The big day has come. Many people are discussing about what time to begin. Some say it’s better to start really early in order to avoid the wind on Thorong La pass, others say it’s wiser to start a bit later in order to avoid frostbite. I ended up starting at 5.30 which was exactly the right time. I actually met a woman who had to go back, because she started too early. She was so cold, she had turned purple. It’s wise to keep in mind that mother nature can be quite cruel at these altitudes and you’d rather not play with her. So, once again, climb slowly and methodically. Drink sufficient water and don’t ignore your headaches.
To be honest, the day of the pass is the only day I personally would not repeat again. For me it was a very tough day and it took me 10 hours in total. Normally, people do it in 6-8 hours. I am generally not in a bad condition, but I do have to say that walking in the mountains has always been tough for me. Before I went on this hike I searched the internet and many people were saying the circuit is really easy and can be done with any fitness level. To a certain extent I agree, but this doesn’t count for the day of the pass. This is a tough day and I don’t think I will voluntarily put myself in this situation again. After all, it’s holidays, isn’t it?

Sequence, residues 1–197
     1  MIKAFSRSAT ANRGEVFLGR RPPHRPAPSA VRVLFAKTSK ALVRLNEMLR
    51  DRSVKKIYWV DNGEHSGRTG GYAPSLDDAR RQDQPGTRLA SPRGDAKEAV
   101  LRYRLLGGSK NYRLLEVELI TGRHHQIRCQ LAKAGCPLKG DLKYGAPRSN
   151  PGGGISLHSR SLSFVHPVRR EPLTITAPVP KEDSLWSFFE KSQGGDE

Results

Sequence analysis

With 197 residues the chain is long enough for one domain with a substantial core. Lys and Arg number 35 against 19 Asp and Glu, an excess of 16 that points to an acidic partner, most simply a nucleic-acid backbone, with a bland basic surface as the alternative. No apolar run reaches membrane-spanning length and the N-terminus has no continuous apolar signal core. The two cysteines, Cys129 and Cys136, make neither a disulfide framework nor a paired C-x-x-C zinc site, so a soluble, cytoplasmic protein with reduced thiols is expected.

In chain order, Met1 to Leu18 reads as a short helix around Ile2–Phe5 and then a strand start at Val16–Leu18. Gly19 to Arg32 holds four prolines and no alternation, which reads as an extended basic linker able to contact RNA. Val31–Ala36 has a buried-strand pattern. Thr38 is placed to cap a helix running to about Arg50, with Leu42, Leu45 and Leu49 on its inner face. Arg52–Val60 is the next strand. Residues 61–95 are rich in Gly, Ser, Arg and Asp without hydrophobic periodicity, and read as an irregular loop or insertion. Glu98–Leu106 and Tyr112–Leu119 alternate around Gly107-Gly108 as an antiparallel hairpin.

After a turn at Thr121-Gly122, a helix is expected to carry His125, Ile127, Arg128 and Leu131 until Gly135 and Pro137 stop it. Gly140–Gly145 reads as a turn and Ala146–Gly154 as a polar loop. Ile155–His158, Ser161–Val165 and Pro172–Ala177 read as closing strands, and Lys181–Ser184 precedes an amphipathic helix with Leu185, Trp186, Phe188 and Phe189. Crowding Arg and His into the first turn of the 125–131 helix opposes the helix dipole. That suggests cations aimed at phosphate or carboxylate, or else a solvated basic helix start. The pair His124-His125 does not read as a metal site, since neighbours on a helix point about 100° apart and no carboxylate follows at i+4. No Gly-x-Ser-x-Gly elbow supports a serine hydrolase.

The ascent to the pass is not even particularly steep, but very long and draining. The most frustrating about it is that I kept thinking I would be there soon, only to find out that I wasn’t. At a certain point I couldn’t take the false hope anymore and I broke down and cried. I had no idea what I was doing up there. I could have been lying a beach, drinking coconut water and having fun with friends instead! But there I was, stuck on this mountain. Returning made no sense. Ten minutes after my mental breakdown I finally reached the pass.